So I've just started my job at IAIA which, for those who don't know, is an arts college specializing in contemporary Native American and Native Alaskan arts, including 2D, 3D, photography, ceramics, jewelry, new media, etc. I went to their museum Sunday near the Santa Fe plaza and saw the most awesome things.
Anyway, the office they've given me has a book shelf and I noticed two student poetry anthologies sitting there. I borrowed them for a weekend and had a good time reading recent student poetry.
The first anthology I read was from the 2007-2008 school year and called Radical Enjambment, Neo-Modern Literature from IAIA. I loved the poems from Ungelbah Daniel-Davila, once called "Bench Seats" about a difficult relationship with great lines like
I keep you in the back of my throat
like words I used to know
digging in the dirt for every piece I've lost.
"Last Dance" is another good one, a repetitive frolicking incantation of lines like:
Dance me out of bed.
Dance me into the triangle of light...
Dance me out of my skin.
Daniel-Davila also has two prose poems in there I like, "Sex in the Soda Shop," a pop culture piece, and "Birthday," a really amazing break-up monologue by a tormented older narrator and his young carefree girlfriend that is both raw and funny.
Monte J. Little has a poem called "Willing to Remove My Hands From my Eyes," an almost surreal meditation ending with the decisive line I can see what to hold true which creates a very pleasant counterpoint.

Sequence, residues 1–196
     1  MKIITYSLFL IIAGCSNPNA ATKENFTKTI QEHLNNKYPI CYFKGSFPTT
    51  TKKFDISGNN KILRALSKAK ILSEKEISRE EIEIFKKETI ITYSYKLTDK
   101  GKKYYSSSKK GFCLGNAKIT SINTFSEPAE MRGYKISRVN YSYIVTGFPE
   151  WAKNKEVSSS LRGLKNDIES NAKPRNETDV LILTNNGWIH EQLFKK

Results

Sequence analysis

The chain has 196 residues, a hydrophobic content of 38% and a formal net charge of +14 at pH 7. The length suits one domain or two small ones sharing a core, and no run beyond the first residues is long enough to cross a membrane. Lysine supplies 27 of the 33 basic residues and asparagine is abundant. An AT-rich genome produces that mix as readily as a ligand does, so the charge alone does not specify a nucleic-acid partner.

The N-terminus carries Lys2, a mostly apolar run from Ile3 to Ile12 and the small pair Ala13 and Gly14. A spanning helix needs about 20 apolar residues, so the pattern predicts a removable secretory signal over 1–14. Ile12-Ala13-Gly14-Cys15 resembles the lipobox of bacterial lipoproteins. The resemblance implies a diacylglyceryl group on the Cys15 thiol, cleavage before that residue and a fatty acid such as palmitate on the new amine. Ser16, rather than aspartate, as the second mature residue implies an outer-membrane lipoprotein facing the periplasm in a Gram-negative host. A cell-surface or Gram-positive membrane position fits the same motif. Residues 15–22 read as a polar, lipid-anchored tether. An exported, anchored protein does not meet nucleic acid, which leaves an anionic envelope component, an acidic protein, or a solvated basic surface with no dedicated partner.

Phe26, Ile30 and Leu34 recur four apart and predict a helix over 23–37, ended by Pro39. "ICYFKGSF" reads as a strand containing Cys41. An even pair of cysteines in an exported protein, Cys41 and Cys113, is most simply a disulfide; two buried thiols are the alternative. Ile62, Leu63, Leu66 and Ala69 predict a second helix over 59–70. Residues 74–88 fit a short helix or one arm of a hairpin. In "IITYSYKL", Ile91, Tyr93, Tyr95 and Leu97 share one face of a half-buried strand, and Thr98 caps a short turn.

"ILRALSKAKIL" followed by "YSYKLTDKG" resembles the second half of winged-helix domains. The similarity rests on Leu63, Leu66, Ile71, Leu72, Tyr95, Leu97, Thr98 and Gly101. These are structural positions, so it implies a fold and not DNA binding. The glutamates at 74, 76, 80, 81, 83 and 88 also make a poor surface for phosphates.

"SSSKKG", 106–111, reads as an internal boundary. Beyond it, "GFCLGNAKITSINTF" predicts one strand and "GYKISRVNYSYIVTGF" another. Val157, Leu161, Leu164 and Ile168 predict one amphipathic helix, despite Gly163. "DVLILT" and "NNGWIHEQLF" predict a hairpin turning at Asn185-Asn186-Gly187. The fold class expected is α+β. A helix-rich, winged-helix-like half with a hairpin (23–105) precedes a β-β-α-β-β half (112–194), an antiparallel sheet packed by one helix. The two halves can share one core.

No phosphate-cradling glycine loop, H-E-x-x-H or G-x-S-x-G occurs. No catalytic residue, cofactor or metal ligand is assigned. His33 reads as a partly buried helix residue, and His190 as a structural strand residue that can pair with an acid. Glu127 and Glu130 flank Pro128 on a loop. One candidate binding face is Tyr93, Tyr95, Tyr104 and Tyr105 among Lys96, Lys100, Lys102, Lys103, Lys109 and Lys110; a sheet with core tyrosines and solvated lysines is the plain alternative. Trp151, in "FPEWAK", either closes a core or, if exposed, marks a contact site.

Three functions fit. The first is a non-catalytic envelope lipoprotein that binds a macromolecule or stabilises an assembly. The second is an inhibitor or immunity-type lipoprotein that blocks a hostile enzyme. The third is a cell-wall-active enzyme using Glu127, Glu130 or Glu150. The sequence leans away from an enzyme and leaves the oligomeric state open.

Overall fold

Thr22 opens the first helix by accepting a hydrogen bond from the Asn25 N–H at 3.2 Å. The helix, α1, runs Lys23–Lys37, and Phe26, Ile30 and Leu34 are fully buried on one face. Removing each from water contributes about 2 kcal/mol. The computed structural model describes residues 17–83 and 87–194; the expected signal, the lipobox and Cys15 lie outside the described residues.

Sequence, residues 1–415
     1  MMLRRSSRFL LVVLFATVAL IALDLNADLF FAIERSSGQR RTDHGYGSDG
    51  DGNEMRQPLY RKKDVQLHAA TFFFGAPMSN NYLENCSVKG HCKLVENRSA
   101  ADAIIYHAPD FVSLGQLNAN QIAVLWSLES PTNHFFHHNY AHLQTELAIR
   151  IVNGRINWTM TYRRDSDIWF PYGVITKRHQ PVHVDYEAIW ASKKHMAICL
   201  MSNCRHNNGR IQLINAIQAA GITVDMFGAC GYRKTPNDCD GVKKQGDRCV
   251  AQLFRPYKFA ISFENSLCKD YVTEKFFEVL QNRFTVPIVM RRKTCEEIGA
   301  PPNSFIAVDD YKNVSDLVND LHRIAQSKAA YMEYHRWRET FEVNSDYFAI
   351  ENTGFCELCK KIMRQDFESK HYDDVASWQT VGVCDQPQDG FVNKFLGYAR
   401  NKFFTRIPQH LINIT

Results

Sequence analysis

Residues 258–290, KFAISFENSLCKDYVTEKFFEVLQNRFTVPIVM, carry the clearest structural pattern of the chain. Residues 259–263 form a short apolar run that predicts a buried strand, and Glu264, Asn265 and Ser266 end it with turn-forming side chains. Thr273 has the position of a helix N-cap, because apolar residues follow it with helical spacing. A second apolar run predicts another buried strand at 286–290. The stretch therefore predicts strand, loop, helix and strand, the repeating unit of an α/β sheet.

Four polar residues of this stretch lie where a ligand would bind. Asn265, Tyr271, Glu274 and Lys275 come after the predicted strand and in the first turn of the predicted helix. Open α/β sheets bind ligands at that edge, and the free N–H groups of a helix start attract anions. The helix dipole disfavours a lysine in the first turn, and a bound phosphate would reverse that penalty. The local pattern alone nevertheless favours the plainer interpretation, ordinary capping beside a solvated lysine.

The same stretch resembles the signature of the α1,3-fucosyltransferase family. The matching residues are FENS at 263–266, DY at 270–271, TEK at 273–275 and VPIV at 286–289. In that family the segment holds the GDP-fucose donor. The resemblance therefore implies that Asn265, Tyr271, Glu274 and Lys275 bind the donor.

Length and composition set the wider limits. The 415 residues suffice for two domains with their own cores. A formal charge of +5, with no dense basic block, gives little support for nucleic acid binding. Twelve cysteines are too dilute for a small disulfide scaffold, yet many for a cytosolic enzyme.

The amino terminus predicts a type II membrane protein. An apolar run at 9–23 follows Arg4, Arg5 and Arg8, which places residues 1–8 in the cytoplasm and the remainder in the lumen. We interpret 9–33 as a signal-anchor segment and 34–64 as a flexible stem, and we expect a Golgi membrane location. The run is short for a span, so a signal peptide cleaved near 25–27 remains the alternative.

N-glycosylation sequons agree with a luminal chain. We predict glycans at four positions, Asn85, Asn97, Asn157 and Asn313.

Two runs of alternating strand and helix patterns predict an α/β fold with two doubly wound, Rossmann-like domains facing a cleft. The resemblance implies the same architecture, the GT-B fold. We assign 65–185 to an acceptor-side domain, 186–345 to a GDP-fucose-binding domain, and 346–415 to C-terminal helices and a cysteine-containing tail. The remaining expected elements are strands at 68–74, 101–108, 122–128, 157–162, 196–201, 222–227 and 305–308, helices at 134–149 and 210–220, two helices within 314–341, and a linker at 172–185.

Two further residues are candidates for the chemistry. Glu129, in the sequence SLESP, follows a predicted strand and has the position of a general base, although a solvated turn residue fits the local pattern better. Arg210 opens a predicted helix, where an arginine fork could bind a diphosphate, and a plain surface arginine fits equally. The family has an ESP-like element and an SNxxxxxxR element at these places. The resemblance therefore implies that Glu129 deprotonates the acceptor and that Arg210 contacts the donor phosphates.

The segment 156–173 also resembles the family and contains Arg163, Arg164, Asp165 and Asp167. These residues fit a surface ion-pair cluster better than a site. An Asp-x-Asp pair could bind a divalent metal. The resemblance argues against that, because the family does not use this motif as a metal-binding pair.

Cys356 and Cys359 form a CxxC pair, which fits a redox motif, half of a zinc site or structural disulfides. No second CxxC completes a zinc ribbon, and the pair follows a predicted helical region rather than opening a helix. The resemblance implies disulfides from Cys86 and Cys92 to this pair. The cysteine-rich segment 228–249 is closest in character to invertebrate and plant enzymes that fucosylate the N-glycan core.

Anna Nelson has "Exeunt, For My Daddy," a very powerful and direct father tribute to an absentee father. Nathan Romero has "Afternoon Delight," a very funny bit of gossip in verse,
how do I put this/delicately.../well/she must've been getting/her grass trimmed for free"
you know/I'm not one to talk"
Finally, Sinte Jackson Torrez has "Infinite Now," a meditation on the pace of today and a rush to exist.
Birds and Other Omens is the anthology from 2011/2012. Autumn Gomez has a good one called "Everywhere is War," similar to "Infinite Now" and its take on the chaos and insanity of modern life, closing on the powerful image:
"Let me tell you that you are dripping candle wax/from your mouth and neck."
She also has once called "Treaties" about a relationship. Her finales are great:
"My hair grew out and I stood up,/wanted to play in the dirt/force mud down your throat.
Another Anna Gomez one is "Petrology." I love how she attacks relationships and existing with emotions with an with almost riot grrrl anger:
"My stomach is filled with rocks.
I have to spit them
when you are not looking."
My last favorite is from Anna Nelson, back in this edition with "Plains," a poem that plays on identity, reality and mythology during a highway trip following the Indian rodeo circuit:
"somewhere between Casper and Cheyenne
that your heart was assailed by my many arrows
me in my buckskin dress and single black braid
straight down my back
you leaning on the jukebox
looking like yoakam"